4. You don’t trust or listen to your body: Your body will tell you all you need to know. You can trust your body. Learn to listen to the sensory field of your body. Learn to trust the signals that you get. Learn to feel the openness of a true “yes” and the tension of a clear “no.” You do know the difference, but it sometimes takes some practice to trust and listen to it.
5. You go to the peanut gallery for advice on everything instead of your council: There are 4 people on planet Earth I go to for advice about my perceptions. These are 4 friends I have known for years, who know me very well, and whose opinion I trust implicitly. I call this my “council.” When I’m unclear, I go to one of them and ask what they think. I know they have my best interests at heart and will be brutally honest with me even if it’s not what I want to hear. I don’t listen to everyone in the peanut gallery because I don’t know them or their motivations and they don’t really know me. They will offer a multitude of often contradicting opinions that will cloud intuition. I listen to people I trust. But, even with these trusted advisors, the buck still stops with me. I still have to make the final judgment, but chances are armed with good advice that judgment will feel clearer and more focused.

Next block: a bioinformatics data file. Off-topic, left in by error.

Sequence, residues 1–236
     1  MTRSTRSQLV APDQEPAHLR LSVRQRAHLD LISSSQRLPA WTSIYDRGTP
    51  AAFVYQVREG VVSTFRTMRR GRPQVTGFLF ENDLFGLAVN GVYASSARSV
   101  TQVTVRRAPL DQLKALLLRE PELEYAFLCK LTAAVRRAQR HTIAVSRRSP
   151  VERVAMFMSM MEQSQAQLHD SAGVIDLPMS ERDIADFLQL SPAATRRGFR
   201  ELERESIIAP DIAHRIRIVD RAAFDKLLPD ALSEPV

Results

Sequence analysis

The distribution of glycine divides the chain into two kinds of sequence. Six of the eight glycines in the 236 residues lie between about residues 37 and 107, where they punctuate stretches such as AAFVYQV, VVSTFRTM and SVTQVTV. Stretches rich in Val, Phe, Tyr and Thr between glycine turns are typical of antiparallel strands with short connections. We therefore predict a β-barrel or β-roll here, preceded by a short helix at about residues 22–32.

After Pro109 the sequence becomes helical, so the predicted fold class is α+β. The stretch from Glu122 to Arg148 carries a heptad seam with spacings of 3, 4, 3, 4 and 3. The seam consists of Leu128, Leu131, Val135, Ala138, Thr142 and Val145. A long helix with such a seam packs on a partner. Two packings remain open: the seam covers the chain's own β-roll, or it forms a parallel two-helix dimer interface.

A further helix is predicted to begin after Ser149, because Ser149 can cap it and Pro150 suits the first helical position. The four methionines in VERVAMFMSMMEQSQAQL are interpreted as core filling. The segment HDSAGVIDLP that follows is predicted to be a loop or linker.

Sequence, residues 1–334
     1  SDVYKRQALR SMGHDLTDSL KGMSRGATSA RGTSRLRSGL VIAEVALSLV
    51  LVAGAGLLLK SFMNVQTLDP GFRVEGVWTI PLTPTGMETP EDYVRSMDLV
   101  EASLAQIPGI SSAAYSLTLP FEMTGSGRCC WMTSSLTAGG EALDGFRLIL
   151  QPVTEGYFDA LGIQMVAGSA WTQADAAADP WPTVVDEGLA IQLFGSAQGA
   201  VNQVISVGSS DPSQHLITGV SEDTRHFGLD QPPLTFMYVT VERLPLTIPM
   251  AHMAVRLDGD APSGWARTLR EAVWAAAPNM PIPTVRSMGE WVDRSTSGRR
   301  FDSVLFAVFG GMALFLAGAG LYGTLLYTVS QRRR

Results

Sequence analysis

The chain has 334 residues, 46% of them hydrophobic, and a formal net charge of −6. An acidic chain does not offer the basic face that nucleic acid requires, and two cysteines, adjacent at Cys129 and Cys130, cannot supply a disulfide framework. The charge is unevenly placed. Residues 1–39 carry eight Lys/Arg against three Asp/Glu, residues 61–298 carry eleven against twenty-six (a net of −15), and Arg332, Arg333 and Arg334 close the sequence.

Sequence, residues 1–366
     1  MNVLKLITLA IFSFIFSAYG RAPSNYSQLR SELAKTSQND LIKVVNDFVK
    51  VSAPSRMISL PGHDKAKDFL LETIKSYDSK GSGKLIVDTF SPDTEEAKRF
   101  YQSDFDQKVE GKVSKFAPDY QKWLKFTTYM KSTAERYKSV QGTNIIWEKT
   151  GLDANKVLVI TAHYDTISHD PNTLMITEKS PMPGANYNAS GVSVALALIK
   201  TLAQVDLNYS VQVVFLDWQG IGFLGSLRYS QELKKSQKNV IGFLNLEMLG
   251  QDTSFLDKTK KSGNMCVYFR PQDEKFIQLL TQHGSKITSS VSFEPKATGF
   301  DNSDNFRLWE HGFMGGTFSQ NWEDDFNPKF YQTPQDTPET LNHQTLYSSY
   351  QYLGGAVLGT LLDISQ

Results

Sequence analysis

6. You think listening to yourself is being mean to others: This is a big one for those of us in spiritual circles. We often become confused about what “being loving” really is. We often think it’s loving to try harder to be nice when someone is mean, to say we forgive in the middle of a harmful interaction, or to be the “bigger person” and apologize for things that aren’t even our fault. But there is nothing spiritual about subjugating yourself, your dignity, your self-respect, and your self-worth out of “faux-spiritual” guilt. And if we’re going to trot out the ideas of non-violence and love, then those ideas must extend to ourselves. You can walk away with love, but when you need to, walk away.
7. You overthink and consider your intuition frivolous nonsense: In modern times we’ve all been educated in a very analytical system of thought. We’re taught from day one to weigh options, consider pros and cons, and rely heavily if not exclusively on logic for our decision-making. Of course logic and discernment are necessary, we couldn’t use our intuition effectively without them. But the information we get in our “gut instincts” is equally if not even more important. It’s the first information we get and it has been untainted by our “shoulds and shouldn’ts.” It’s the difference between a relationship that “looks good on paper” and a relationship that is genuine and heart centered. It’s the difference between taking the job because it “would be insane not to” as opposed to building a vocation that is joyful and fulfilling. If you listen to highly successful people, people who really make an impact in the world and lead big lives, they will all say that they trust their gut instincts. They weigh the options, consider advice, use logic, and they trust their gut. They use all the information available. Trust yourself.